Newhall House Fire
The six story Newhall House was constructed in 1857 as a hotel as well as an apartment building. It was made of Milwaukee brick but substructures were constructed out of wood. It changed owners many times over the years, never proving to be a very profitable establishment, but was an early and popular icon of the city of Milwaukee.
The Newhall had a history of close calls, catching fire two times before its fatal blaze. The first fire occured in February of 1863. It originated in the room of a newly married couple, and before it was extiguished, spread and destroyed nine rooms all together. The rooms were rebuilt for hotel purposes, but the fire caused a change in ownership. The second fire occured in January of 1880. A spark from a range stove ignited a wooden ventilation shaft, burning through four room on the third and fourth floors. Rather than rebuild the rooms an open courtyard was built in their place, and a second floor office utilized a skylight in its ceiling to enjoy the new addition. These near misses were never destructive enough to cause much panic, perhaps because no lives were lost during these accidents. That would change on the evening of Jan 10, 1883.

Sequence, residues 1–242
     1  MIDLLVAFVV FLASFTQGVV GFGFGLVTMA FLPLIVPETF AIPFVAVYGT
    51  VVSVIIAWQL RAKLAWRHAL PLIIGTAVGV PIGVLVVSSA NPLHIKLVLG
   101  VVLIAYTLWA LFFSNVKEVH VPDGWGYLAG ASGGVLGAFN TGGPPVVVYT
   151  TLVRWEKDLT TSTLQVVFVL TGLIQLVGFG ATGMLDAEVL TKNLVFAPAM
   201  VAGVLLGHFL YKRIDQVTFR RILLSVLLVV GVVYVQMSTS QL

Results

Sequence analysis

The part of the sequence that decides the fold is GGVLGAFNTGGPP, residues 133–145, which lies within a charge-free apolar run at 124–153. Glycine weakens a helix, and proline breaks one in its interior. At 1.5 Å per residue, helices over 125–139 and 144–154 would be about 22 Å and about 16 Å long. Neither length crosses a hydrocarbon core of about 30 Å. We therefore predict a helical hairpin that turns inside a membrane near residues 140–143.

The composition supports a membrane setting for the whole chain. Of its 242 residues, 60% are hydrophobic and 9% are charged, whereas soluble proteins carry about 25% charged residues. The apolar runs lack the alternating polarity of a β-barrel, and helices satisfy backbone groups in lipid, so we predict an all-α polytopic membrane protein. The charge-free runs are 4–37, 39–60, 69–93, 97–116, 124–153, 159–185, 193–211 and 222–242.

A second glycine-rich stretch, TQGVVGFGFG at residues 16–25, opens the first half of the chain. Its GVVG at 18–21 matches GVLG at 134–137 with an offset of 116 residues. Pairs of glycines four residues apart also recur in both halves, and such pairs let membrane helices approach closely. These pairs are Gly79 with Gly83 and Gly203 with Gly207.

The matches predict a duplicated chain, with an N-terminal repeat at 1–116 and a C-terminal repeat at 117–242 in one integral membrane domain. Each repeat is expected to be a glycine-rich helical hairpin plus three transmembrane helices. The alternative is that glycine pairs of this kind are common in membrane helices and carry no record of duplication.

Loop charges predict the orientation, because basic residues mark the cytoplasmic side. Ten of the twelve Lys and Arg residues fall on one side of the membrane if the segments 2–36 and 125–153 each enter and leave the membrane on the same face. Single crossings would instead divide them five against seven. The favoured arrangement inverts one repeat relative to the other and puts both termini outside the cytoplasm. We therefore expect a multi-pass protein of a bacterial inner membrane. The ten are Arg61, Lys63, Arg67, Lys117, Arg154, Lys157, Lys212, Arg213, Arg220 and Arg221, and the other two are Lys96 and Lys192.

The fire started on the first floor and managed to spread up an elevator shaft. It quickly reached all six stories. The Newhall, used at this time mostly as a hotel had 300 people inside. Many managed to escape, and some Milwaukee citizens rushed to the blaze saving many lives that night as well. But not all were so lucky. The Newhall House fire claimed seventy-one victims. Many of them were unidentifyable. To that point in time, it was the worst fire that the city of Milwaukee had seen.